NGO releases briefing about phasing down dental amalgam
BRUSSELS, Belgium: Dental amalgam is known to contribute to the accumulation of mercury in the environment globally, constitutes the largest use of mercury in the European Union and is a major source of pollution. In order to assist EU member states in developing their national plans to phase down dental amalgam use, a non-profit membership organisation Health Care Without Harm (HCWH) Europe has created a guidance document and a set of recommendations.
Mercury is an extremely toxic heavy metal that affects human health and the environment. Exposure to mercury occurs mainly through eating fish and other marine species and can result in serious health hazards, including memory loss and language impairment. While mercury is a naturally occurring element, only 10 per cent of yearly mercury emissions are released into the environment from natural sources such as forest fires or volcanic eruptions, according to a report published by the United Nations Environment Programme.
In May 2017, the EU institutions formally adopted a new regulation on mercury aimed at aligning European law with the resolutions of the international Minamata Convention on Mercury to facilitate a gradual reduction of mercury use. In force since 1 January 2018, the regulation mandates important time-bound restrictions for member states’ use and disposal of dental amalgam in dental practices.
In accordance with the regulation, dental amalgam treatment in children younger than 15 and in pregnant or breastfeeding women has been restricted in the EU as a whole, except when deemed strictly necessary. By 1 July 2019, all 28 EU member states must have set out a national action plan with measures to phase out the use of dental amalgam. To date, Sweden is the only country to have completely banned dental amalgam use.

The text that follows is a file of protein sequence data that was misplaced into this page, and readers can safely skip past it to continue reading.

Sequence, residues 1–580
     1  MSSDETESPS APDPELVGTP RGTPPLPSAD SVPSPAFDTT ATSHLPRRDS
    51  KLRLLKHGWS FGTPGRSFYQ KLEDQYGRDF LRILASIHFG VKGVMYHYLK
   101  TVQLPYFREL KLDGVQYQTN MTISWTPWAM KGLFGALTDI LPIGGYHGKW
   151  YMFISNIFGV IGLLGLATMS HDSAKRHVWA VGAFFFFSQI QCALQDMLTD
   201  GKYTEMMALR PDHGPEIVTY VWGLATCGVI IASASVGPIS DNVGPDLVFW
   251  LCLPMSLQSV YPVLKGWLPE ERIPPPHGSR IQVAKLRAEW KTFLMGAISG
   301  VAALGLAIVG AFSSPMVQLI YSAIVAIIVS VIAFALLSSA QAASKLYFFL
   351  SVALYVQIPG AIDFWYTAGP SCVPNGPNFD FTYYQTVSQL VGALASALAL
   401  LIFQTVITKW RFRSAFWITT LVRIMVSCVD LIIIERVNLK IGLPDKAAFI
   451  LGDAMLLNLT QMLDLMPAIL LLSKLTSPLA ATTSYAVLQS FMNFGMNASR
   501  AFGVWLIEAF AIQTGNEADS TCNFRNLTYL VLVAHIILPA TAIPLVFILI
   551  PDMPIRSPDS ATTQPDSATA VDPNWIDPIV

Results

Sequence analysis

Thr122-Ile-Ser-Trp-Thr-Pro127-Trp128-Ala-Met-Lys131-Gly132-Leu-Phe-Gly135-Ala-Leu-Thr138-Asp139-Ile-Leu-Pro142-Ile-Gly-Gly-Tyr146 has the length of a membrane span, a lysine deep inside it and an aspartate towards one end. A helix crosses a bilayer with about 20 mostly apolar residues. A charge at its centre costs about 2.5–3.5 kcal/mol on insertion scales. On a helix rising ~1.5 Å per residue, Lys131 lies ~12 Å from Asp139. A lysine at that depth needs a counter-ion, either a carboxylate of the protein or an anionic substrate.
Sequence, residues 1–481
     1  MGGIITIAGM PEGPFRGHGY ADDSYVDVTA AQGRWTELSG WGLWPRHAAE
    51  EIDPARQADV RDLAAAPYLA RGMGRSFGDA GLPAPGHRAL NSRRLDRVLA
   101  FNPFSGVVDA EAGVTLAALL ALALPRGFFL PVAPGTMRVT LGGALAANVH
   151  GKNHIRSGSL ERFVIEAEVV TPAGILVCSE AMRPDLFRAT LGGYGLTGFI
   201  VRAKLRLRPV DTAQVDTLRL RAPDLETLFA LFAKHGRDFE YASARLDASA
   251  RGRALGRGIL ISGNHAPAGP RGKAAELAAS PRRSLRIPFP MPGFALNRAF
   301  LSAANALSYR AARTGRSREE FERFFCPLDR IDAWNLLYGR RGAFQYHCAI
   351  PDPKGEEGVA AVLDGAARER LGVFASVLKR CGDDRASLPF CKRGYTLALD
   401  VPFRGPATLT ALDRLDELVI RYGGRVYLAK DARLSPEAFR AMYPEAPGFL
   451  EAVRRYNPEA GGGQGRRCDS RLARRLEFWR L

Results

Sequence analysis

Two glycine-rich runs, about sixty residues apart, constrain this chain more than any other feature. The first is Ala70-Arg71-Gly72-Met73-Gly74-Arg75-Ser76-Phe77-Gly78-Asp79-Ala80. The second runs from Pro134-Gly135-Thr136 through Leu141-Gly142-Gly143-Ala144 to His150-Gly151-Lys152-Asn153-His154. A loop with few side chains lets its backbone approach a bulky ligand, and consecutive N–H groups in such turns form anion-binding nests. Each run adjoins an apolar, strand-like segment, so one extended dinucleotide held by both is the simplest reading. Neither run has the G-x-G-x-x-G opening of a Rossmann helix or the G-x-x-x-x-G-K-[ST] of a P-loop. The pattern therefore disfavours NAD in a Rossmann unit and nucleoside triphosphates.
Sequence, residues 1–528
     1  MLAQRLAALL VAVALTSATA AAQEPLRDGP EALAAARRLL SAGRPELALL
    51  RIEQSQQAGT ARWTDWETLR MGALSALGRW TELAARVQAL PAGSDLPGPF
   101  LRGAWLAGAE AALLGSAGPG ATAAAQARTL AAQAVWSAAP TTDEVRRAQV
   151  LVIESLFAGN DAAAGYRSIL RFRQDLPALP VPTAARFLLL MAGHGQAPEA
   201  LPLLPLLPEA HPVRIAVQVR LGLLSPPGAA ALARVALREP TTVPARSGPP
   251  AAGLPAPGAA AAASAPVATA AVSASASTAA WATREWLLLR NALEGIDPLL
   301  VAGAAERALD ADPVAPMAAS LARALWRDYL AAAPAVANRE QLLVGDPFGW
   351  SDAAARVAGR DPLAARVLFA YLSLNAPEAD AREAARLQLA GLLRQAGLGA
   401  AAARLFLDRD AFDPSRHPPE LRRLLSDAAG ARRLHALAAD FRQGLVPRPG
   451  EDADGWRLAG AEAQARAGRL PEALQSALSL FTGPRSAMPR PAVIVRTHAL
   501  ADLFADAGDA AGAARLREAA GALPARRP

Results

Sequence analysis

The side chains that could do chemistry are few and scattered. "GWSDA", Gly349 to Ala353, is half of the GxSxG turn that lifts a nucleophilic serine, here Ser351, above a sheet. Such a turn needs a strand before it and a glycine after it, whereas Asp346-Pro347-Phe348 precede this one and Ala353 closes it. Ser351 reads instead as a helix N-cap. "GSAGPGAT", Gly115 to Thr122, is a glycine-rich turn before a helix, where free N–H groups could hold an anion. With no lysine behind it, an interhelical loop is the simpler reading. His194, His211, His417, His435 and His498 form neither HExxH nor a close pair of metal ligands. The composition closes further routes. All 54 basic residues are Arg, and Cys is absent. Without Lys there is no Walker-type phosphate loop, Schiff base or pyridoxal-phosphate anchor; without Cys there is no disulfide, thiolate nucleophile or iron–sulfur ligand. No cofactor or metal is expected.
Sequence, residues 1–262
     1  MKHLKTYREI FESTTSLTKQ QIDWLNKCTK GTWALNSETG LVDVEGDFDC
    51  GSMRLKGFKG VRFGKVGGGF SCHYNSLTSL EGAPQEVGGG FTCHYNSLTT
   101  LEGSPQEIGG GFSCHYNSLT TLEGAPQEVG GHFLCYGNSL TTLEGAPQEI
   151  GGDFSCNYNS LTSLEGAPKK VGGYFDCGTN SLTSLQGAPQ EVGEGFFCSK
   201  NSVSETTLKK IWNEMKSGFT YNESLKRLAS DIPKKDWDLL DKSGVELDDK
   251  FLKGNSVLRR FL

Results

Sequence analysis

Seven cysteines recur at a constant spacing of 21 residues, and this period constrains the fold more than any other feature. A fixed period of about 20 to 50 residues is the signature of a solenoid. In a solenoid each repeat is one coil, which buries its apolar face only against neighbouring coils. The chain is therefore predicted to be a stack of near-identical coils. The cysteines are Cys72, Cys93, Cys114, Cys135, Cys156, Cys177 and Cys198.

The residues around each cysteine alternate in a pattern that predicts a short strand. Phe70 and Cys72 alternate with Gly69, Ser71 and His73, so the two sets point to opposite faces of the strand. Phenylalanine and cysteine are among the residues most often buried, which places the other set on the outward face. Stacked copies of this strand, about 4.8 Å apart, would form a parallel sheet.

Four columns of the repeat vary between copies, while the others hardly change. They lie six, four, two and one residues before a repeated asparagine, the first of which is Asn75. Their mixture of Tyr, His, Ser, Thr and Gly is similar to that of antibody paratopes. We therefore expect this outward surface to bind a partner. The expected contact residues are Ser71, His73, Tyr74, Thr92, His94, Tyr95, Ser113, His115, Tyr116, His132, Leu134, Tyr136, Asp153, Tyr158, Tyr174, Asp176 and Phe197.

HCWH Europe’s briefing paper, Developing National Plans for Phasing Out Dental Mercury, provides the legislative background to the adoption of the EU regulation on mercury and justifications for implementing discontinuation of dental amalgam use ahead of potential future legislation. It also includes case study examples of best practices for phasing down dental amalgam from across Europe, as well as key recommendations for EU member states for developing their own national plans. The briefing paper is currently being sent to member states’ national ministries for consideration.
In the lead-up to the 1 July 2019 deadline for national action plans, HCWH Europe has also created an online tool to track member states’ progress towards implementation of a phase-out for vulnerable groups, as well as other phase-down activities of the EU regulation on mercury. The tracker uses data from national ministries, dental associations and other sources across the EU. HCWH Europe has said that it welcomes contributions from relevant stakeholders to help reflect the current regulatory status as accurately as possible.